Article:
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The Coronation of Their Majesties King Charles III and Queen Camilla took place at Westminster Abbey on Saturday 6 May 2023. It was the first Coronation in nearly 70 years.

This briefing describes preparations for the Coronation, what took place on the day of the Coronation and other events associated with the ceremony.

Planning for the Coronation

The crowning of a King or Queen is an ancient ceremony and rich in religious significance, history and pageantry. Although coronations have no explicit basis in law, several Acts of Parliament clearly expect that such a ceremony will take place at some point following the accession of a new Monarch.

The date for the Coronation of King Charles III and Queen Camilla was announced by Buckingham Palace in October 2022, a month after the death of Queen Elizabeth II. A Coronation Committee oversaw the planning, while the Cabinet Office established a Coronation Claims Office to decide who would perform certain roles on the day. Preparations were also made to transport the Stone of Destiny from Edinburgh Castle to Westminster Abbey so it could be used, as is traditional, in the ceremony.

On 1 May 2023, the Palace announced that a “congregation” of more than 2,200 people would attend the Coronation, including members of the Royal Family, international representatives from 203 countries (including approximately 100 Heads of State), as well as “community and charity champions”. This briefing looks at the different categories of those who attended in greater depth.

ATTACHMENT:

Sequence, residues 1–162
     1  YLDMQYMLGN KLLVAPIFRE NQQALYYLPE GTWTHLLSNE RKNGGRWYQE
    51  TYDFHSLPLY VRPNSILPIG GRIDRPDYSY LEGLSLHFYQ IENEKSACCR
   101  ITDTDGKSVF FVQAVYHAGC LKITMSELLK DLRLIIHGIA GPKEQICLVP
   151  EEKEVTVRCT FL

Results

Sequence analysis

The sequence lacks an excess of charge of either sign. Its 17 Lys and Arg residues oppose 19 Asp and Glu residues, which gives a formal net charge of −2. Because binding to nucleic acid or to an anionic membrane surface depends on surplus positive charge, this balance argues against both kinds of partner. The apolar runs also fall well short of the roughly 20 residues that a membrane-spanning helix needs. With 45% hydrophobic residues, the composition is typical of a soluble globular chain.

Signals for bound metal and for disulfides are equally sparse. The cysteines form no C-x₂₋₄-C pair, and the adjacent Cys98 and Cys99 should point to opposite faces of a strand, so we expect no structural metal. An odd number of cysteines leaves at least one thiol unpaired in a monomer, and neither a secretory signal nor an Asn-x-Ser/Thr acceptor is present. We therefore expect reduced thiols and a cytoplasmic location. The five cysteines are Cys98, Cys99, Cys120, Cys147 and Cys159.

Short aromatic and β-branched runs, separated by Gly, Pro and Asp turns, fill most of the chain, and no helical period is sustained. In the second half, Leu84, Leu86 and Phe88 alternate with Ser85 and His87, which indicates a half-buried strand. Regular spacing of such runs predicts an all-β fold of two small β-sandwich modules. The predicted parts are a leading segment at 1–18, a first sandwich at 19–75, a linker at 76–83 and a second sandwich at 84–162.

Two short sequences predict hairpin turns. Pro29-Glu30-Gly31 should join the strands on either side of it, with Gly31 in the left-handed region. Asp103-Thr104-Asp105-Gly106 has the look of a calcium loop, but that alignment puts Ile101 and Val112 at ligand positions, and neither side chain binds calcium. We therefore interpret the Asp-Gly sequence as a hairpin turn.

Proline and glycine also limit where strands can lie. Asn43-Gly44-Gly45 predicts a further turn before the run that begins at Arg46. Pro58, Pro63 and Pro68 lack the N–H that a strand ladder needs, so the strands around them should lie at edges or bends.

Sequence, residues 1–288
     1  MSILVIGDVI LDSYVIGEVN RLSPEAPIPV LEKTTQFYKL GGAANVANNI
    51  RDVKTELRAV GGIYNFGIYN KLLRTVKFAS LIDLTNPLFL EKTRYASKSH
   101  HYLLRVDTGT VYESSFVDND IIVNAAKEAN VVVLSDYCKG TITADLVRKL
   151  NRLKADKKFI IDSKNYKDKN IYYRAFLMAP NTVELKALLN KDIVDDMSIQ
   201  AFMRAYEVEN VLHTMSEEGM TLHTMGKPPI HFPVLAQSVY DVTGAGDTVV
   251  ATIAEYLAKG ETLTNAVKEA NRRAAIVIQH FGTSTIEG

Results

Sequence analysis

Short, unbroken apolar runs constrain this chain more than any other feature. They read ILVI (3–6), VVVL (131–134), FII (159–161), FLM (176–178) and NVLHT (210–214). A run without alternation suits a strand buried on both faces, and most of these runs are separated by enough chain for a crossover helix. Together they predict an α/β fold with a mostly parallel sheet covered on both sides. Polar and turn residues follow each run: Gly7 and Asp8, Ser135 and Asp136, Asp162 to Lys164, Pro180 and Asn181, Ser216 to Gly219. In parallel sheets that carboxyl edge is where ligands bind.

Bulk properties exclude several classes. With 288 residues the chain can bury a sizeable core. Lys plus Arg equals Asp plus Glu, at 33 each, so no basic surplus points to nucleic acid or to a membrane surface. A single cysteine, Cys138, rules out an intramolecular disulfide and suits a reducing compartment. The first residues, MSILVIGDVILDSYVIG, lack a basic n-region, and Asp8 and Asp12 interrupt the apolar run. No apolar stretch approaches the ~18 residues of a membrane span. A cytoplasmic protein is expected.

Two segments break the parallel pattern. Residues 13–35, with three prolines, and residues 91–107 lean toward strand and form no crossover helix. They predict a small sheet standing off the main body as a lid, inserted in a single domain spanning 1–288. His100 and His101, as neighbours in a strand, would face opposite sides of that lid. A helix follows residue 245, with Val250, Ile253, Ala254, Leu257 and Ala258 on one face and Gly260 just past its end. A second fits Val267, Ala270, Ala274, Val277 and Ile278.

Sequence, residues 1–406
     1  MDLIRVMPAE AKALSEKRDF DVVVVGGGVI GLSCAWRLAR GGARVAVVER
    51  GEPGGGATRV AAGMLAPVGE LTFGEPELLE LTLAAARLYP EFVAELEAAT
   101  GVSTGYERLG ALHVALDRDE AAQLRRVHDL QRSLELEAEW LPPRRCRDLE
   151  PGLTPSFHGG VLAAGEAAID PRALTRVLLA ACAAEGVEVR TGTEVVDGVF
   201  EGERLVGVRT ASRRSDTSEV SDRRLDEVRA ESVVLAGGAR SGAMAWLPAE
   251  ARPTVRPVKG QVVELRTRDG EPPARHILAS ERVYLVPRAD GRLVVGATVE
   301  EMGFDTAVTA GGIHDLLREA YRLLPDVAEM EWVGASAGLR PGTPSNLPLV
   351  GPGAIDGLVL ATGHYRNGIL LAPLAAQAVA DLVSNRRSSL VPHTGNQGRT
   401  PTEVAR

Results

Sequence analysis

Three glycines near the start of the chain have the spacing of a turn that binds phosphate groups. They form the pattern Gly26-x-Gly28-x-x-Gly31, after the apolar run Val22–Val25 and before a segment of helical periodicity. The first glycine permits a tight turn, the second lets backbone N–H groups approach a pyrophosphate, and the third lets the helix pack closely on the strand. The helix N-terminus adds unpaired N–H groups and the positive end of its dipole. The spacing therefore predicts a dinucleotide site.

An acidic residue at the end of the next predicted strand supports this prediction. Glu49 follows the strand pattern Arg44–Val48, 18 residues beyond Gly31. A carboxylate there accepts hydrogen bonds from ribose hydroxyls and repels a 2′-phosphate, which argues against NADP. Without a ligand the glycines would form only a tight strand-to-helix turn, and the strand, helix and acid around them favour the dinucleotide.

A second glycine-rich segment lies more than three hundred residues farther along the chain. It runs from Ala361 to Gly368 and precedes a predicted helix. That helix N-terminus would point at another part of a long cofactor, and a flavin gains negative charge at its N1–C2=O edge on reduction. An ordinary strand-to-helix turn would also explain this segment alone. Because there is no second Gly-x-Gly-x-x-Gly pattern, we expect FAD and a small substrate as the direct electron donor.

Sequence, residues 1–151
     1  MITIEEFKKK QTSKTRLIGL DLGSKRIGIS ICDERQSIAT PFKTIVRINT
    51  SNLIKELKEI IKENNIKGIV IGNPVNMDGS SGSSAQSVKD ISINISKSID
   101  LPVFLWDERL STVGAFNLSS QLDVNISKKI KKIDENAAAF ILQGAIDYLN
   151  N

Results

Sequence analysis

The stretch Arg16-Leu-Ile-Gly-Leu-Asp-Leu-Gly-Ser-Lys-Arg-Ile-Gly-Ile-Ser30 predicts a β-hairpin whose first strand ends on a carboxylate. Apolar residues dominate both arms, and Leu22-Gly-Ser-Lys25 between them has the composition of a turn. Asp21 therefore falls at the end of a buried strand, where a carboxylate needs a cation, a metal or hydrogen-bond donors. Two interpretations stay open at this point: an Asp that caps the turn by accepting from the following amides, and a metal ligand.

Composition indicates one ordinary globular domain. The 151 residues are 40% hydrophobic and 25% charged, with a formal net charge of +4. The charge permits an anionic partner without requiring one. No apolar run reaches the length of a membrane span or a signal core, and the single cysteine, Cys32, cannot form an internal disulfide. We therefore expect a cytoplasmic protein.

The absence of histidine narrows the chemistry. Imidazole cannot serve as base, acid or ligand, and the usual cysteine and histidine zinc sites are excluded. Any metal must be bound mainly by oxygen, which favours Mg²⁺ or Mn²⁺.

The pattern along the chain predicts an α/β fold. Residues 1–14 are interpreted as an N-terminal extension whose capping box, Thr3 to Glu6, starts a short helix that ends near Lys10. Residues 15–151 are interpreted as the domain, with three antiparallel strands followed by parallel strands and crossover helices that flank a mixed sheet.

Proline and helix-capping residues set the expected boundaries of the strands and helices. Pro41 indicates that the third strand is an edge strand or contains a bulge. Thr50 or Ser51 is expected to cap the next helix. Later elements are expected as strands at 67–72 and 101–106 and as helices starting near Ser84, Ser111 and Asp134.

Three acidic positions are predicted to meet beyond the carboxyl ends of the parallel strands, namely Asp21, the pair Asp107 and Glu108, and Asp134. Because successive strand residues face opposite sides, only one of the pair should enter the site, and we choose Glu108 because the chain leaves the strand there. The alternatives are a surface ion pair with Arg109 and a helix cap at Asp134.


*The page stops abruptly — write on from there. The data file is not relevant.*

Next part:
What happened on Coronation day?

A Coronation liturgy (or Order of Service) was authorised by the Archbishop of Canterbury and produced in close consultation with the King and, with regard to the constitutional elements of the service, the UK Government. The Archbishop conducted the service.

The day began with processions by the Speaker of the House of Commons and Lord Speaker of the House of Lords from Westminster Hall to the Abbey. Later, the King’s Procession – in which the King and Queen travelled in the Diamond Jubilee State Coach – departed from Buckingham Palace before a much larger procession entered the Abbey itself.

The Order of Service comprised both traditional and completely new elements. This briefing describes each aspect of the Coronation service and compares it with previous ceremonies, particularly that of Queen Elizabeth II in June 1953. New changes to the statutory Coronation Oath are also described.

What happened after the Coronation?

The final section of this briefing looks at other events during the Coronation weekend, including the Coronation Big Lunch, the Coronation Concert at Windsor, and the Big Help Out on the Coronation bank holiday (Monday 8 May).

Parliamentary scrutiny of the policing of republican protests on Coronation day is also considered, as are Coronation events in other Commonwealth Realms and the National Service of Thanksgiving and Dedication at St Giles’ Cathedral in Edinburgh, which took place on 5 July 2023.

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